week race's best sprinter, a title he captured in 2002 and 2004. The route from Obernai in eastern France was the second-longest stage in this year's race. Riders had to withstand intense sunshine, with road temperatures climbing to nearly 122 degrees. "It makes a long hard day. You have to drink a lot," McEwen said. Hushovd rebounded from an accident Sunday in which his right arm was sliced open by a large cardboard hand that a fan was holding over the safety barriers. He needed stitches and said Monday it was hard to move his arm. But in the final sprint "you forget the pain," he said. "I've got the yellow jersey. I can't complain." Race officials began restricting giveaways near the finish line of the large green hands, which are given to spectators as a promotion. chise-record 52 regular-season games and clinch the team's first playoff berth since 2001. He finished with 23 points (seven goals, 16 assists) in 81 games last season -- his lowest point total since registering 15 in 1997-98 with Edmonton. But he scored a career-high four game-winning goals while usually playing against an opposing team's top line. Grier added three goals and five assists in 18 playoff games. His addition bolsters the Sharks' depth at forward after the team lost two players in and off the green. Sorenstam fired through the ball, and it spun off the back of the green to 6 feet away. Hurst left her birdie putt 10 feet short, and her par putt didn't even reach the hole. Sorenstam poured her putt into the middle of the cup, quickly building a two-shot lead. On the next hole, Hurst hit another wedge that stopped 4 feet below the hole, and it looked as though she might get both strokes back when Sorenstam hit her approach 40 feet above the hole, trickling it down to 4 feet. Hurst pulled her birdie putt, Sorenstam made her par, and the rout was on. "I didn't make any putts. That was what probably kept me back," Hurst said. "If I could have made some putts, it would have been closer, I could have put pressure on her." Sorenstam added an 8-foot birdie putt on the third hole to lead by three, and Hurst was at her worst at No. 6. Hurst drove into the face of a bunker, laid up in the left rough and hit wedge to about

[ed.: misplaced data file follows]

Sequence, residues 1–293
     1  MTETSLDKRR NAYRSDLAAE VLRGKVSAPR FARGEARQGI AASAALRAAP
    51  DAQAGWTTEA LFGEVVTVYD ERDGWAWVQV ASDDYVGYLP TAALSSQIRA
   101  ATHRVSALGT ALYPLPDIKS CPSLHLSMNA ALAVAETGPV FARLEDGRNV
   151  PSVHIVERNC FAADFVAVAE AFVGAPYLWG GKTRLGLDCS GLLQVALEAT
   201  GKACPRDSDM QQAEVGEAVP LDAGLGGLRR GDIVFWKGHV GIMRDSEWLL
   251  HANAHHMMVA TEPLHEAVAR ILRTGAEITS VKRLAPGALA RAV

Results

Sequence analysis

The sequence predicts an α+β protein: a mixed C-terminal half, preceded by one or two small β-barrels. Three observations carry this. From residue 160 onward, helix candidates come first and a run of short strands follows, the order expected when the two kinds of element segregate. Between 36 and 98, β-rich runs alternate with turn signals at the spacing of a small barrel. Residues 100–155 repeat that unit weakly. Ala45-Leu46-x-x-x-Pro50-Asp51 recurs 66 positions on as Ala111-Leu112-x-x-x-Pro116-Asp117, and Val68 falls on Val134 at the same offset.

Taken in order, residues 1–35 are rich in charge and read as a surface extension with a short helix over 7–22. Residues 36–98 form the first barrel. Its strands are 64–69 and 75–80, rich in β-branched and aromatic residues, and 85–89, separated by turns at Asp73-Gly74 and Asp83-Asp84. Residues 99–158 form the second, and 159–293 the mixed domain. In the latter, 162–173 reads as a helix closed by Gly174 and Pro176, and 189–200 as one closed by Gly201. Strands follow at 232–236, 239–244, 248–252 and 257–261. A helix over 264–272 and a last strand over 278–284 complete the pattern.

Hushovd, the green jersey winner of the last Tour, took the race lead Saturday, beating Hincapie by fractions of a second in the opening prologue time trial. But shrewd riding by Hincapie on Sunday helped the former teammate of Lance Armstrong take the yellow jersey from Hushovd -- if only for a day. Hushovd got it back Monday by collecting bonus seconds in sprints along the route and for his third-place finish. He now hoped to keep it at least until the first long time trial of this Tour on Saturday. "I wanted to get it back," he said. Hincapie said he wasn't disappointed that he lost the yellow jersey. "It was great, a really special feeling, something I've always wanted to do," Hincapie said. "To have it for a day is a big accomplishment for me." free agency, center Alyn McCauley and left wing Scott Thornton. Both signed with Los Angeles. Grier is the second player the Sabres have lost to free agency after stalwart defenseman Jay McKee signed with St. Louis on Saturday. Buffalo acquired Grier in March 2004 in a deal with Washington. Grier spent his first six seasons with Edmonton, where he enjoyed his best season, scoring 20 goals and 24 assists in 199899. In 693 career games, Grier has 112 goals and 155 assists for 267 points. 25 feet above the hole. Sorenstam went from the rough to a muddy bunker 40 yards from the hole, chunked her shot and had 65 feet for par. They both lagged nicely, but Hurst jabbed her 3-foot putt and it lipped out, giving her a double bogey. That put her four shots behind through seven holes, and Hurst dropped another shot on the ninth by missing a 6-foot par putt. She went out in 4-over 39, trailing Sorenstam by five shots. It was such a blowout that Hurst did not have honors on the tee until No. 14, following Sorenstam's bogey on the par3 13th. Sorenstam was at her best, piping it down the middle of the fairway and staying away from trouble. She missed only four greens in the playoff, putting enormous pressure on her opponent. Hurst had made 16 birdies through four rounds of regulation, by far the most at Newport, but only made one in the playoff. Sorenstam won for the 68th time in her career, leaving her 20 short of Kathy Whitworth's all-time record of 88.